Take My Pulse

Entry by: MONARCHB

4th September 2015
Take My Pulse

The nurse left work at 5:00 PM in the middle of a Chicago November so gray, she couldn't remember if it was early morning or early evening. Her shift had been that draining in the Emergency Room, she had lost all sense of time: the day, the hours, the minutes. As if everything reflected in the face of a clock was a hoax.

"We need the Pediatric Trauma team for this one," the ER doctor told her at the beginning of her shift. A car accident--three already dead at the scene--and this one. The only survivor of a two-car crash. Young girl. Maybe eight or nine. Shoulder-length brown hair. Thin frame. Translucent skin that gave the appearance of muted dusk, the faint blue of it. Almost ghost-like. As if she was hovering between life and death.

No visible signs of major cuts or lacerations. Pulse slow but steady. Blood pressure slightly elevated but still within the normal range. The initial blood tests showed nothing unusual--nothing out of the ordinary. But the girl remained unresponsive to any stimulus the nurse or doctor attempted.

"Must be a closed head injury. Where the hell's the trauma team? Get this kid up to X-Ray for a complete CAT scan. Now, nurse, NOW. Not next week."

The nurse froze for a second and in that second she thought she saw the slightest of movements, like a small white moth flickering under the skin of the girl's left cheek.

"Wait, doctor, look..." the nurse's voice trailed off as she stared at the girl's face--the slight tremor, the moth struggling to break free from it. Suddenly, the girl opened her eyes: hazel-tinged with flecks of earth, sky, and sea. She looked around the trauma room. The bank of bright lights, the white tile floor. She noticed the nurse before anything else.

"I know you," she calmly said. "Why are you here, Mona?"

"Mona," the doctor murmured, relieved that the girl was finally conscious and talking, although not quite coherently. "Mona like the Mona Lisa?" he smiled. He pointed to the nurse. "No, young lady, this is not Mona but your nurse. She and I are taking care of you here in the ER. Do you remember what happened to you? Can you tell us your name?"

The young girl kept staring at the nurse. "Why are you here?" was all she could say.

The girl was eventually taken to the X-Ray department; her CAT scan was normal. She was later transferred to the pediatric unit where her vital signs remained stable and she continued to improve. But every now and then, she would ask about Mona.

Back in the ER, the nurse moved as if in some time warp. She dropped her stethoscope numerous times. She almost had to remind herself how to use the blood pressure cuff. She asked her supervisor if she could leave early before her shift was over.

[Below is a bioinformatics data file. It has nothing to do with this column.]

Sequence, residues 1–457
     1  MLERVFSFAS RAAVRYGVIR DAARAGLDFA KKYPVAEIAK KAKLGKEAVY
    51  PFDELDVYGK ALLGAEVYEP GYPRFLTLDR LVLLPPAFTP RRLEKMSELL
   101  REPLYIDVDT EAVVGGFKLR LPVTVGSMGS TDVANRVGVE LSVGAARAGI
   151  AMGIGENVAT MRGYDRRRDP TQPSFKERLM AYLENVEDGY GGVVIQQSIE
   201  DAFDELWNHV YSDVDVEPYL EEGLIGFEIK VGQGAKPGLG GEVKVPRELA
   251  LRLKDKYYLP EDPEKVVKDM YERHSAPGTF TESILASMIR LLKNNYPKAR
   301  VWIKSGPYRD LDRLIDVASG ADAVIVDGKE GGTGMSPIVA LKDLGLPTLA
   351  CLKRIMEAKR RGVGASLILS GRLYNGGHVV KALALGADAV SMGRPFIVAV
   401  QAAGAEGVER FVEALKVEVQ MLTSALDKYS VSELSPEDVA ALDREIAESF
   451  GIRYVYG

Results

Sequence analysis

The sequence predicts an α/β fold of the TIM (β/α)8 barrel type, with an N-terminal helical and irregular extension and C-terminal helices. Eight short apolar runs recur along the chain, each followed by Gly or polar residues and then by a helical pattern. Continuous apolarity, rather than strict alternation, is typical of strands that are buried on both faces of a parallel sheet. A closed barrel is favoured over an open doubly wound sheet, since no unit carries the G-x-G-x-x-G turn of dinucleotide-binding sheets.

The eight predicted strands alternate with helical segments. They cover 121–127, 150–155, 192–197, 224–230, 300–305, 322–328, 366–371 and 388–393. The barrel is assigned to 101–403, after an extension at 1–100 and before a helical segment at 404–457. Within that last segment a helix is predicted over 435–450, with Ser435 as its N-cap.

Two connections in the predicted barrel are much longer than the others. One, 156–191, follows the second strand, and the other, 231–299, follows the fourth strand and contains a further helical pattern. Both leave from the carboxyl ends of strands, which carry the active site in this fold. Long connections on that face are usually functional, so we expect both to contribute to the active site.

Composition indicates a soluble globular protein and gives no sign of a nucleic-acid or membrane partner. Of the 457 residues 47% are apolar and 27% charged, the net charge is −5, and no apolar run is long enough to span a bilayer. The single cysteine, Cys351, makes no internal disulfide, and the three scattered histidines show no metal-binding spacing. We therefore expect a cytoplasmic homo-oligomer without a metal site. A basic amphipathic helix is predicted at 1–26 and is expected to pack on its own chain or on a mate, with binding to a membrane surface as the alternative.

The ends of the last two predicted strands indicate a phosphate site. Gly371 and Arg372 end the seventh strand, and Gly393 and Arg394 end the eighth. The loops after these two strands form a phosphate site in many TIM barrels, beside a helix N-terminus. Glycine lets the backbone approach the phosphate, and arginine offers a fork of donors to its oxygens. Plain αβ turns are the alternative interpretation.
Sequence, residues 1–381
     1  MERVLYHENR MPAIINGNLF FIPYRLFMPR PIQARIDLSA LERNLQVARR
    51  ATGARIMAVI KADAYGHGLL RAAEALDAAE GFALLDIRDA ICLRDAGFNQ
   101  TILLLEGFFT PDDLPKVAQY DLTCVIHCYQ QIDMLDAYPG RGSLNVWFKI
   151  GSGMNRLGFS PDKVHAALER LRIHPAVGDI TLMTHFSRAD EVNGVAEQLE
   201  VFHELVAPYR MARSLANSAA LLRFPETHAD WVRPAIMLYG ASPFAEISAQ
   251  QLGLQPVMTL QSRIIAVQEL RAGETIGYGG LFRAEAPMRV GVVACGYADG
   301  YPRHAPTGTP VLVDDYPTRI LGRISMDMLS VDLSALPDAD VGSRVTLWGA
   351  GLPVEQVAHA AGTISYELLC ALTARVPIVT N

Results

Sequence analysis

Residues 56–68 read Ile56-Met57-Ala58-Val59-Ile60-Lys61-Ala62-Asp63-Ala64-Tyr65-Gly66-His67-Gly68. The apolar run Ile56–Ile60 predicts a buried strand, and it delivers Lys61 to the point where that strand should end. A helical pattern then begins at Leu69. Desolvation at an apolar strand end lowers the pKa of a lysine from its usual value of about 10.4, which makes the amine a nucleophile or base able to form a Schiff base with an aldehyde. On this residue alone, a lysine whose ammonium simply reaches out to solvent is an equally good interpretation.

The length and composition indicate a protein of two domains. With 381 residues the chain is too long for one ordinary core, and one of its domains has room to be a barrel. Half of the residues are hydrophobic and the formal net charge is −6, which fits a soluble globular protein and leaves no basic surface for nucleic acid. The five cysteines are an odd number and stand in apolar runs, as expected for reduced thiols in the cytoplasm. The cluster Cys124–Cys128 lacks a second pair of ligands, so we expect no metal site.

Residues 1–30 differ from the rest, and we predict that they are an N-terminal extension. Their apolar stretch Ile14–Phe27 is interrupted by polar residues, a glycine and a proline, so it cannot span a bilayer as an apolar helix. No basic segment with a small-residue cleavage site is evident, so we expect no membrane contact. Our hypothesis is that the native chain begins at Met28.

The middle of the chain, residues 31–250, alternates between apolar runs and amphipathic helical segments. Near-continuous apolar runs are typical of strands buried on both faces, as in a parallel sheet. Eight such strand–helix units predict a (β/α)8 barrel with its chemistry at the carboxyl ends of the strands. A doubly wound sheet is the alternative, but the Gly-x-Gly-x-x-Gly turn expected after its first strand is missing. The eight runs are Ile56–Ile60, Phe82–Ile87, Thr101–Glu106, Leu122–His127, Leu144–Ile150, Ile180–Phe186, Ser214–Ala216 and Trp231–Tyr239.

When she left the hospital at 5 o'clock, she wasn't quite sure if the day was just beginning or if it had just ended. The only certainty was the long walk home and her empty apartment. Why had the young girl unnerved her so much? Why did she seem to know her? Was it pure coincidence that the nurse's nickname was Mona when she was a young child in school? And, how could the patient know that when no one--not even her colleagues at the hospital knew?

These questions continued to haunt her as she ate her dinner in silence. The only sound that interrupted her thoughts was the rain that began to fall: at first, a gentle drizzle; then a strong torrent of sheets of water. And with that rain, images of her past emerged.

The marriage that had ended in divorce eight years earlier. The devastating miscarriage two years before the divorce that strained and ultimately destroyed her relationship with her husband. The brutal prognosis from her doctor after the loss--she would never be able to get pregnant again. The realization that she would remain childless sealed the fate of her marriage long before the divorce was finalized. So she drowned herself in silence, in her work at the hospital, in her devotion to her patients.

But still the questions remained. As if the young girl at the hospital who survived the horrific car accident was someone who actually knew something about loss, about loneliness. As if she was the reincarnation of everything the nurse had forsaken in her grief.

Without thinking about the pouring rain, the nurse left her apartment and raced back to the hospital. She knew she had to see the young girl again. Could this child be the spirit of the one she lost so long ago? Or just a mirage of her longing? As she ran back through the streets, the only sound she heard was the steady pulse of her heart.